On Feb. 20, Girmay Zahilay, the King County Councilmember for District 2, hosted the first installment of his new online series: Build the Bench. The monthly workshop is focused on providing a space for marginalized and underrepresented students and supporting them in eventually running for political office.
“We will show you the roadmap for getting from where you are today to pursuing a career in policy or politics,” Zahilay said.
“One voice can change a room, and if one voice can change a room, then it can change a city, and if it can change a city, it can change a state, and if it change a state, it can change a nation, and if it can change a nation, it can change the world. Your voice can change the world.”
As I’ve grown older, I’ve become more and more fascinated by the African Diaspora and the connection to the African American experience. I’ve especially been fascinated with learning more about the countries in Africa such as Ethiopia, as it stands as one of the only countries to not be colonized by European “settlers.” It’s begged the question: What lay in the culture of those people? What portions of that culture permeate from generation to generation and how do they show up today?
In the early hours of Wednesday morning, Dec. 23, a fire broke out in the Greentree Apartments in Skyway. Though firefighters from King County Fire District 20 (KCFD20), as well as units from Renton Regional Fire Authority, Tukwila Fire Department, and other units from across the region fought the three-alarm fire, the massive blaze left most of the apartment building damaged. Thankfully there were no fatalities, though KCFD20 reported that one resident was taken to the hospital with minor injuries.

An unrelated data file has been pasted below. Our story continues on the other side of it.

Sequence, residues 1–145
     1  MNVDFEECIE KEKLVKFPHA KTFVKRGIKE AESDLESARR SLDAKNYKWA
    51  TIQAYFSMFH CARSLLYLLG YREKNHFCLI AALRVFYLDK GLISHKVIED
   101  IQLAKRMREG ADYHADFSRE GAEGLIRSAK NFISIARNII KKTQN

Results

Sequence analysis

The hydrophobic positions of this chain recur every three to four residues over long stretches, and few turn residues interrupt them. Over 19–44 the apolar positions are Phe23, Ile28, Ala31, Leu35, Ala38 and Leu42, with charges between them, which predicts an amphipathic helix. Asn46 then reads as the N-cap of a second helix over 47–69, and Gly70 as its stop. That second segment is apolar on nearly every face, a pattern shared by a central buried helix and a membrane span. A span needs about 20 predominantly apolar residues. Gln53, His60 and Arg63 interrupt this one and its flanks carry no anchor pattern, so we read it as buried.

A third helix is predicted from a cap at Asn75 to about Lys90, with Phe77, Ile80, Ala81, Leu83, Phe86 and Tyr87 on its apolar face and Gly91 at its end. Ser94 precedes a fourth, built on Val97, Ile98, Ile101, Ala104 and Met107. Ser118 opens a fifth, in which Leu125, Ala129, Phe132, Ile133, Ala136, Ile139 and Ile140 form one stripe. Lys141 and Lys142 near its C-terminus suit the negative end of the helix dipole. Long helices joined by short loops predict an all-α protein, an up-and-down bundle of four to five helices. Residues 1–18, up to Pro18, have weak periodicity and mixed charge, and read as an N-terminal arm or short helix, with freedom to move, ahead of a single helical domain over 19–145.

(This article originally appeared on PubliCola and has been reprinted under an agreement.)
A pair of amendments to the King County charter on the ballot next month open a door for significant reshaping of the King County Sheriff’s Office (KCSO). The measures have sparked two opposition campaigns — one closely tied to the King County Police Officers’ Guild (KCPOG), which represents sheriff’s officers — that have cast the amendments as radical attacks on law enforcement, while the measures have received limited vocal support from the most prominent local police accountability advocates.
The King County Sheriff’s Office is investigating a “coordinated attack” from hackers that disrupted an online town hall for Skyway hosted by the King County Local Services Department on October 6, according to a statement from the King County Executive’s Office. Hackers broke into the meeting and used Zoom’s annotations feature to post “offensive, anti-Black, anti-Semitic, and sexually explicit images and words,” according to King County Councilmember Girmay Zahilay on Twitter, who was part of the meeting.
Skyway, an unincorporated community sandwiched between Seattle and Renton, has few representatives. While other areas in King County have “essentially what amounts to lobbyists working for them and their interests,” as King County Councilmember Girmay Zahilay puts it, Skyway has no mayor or city council.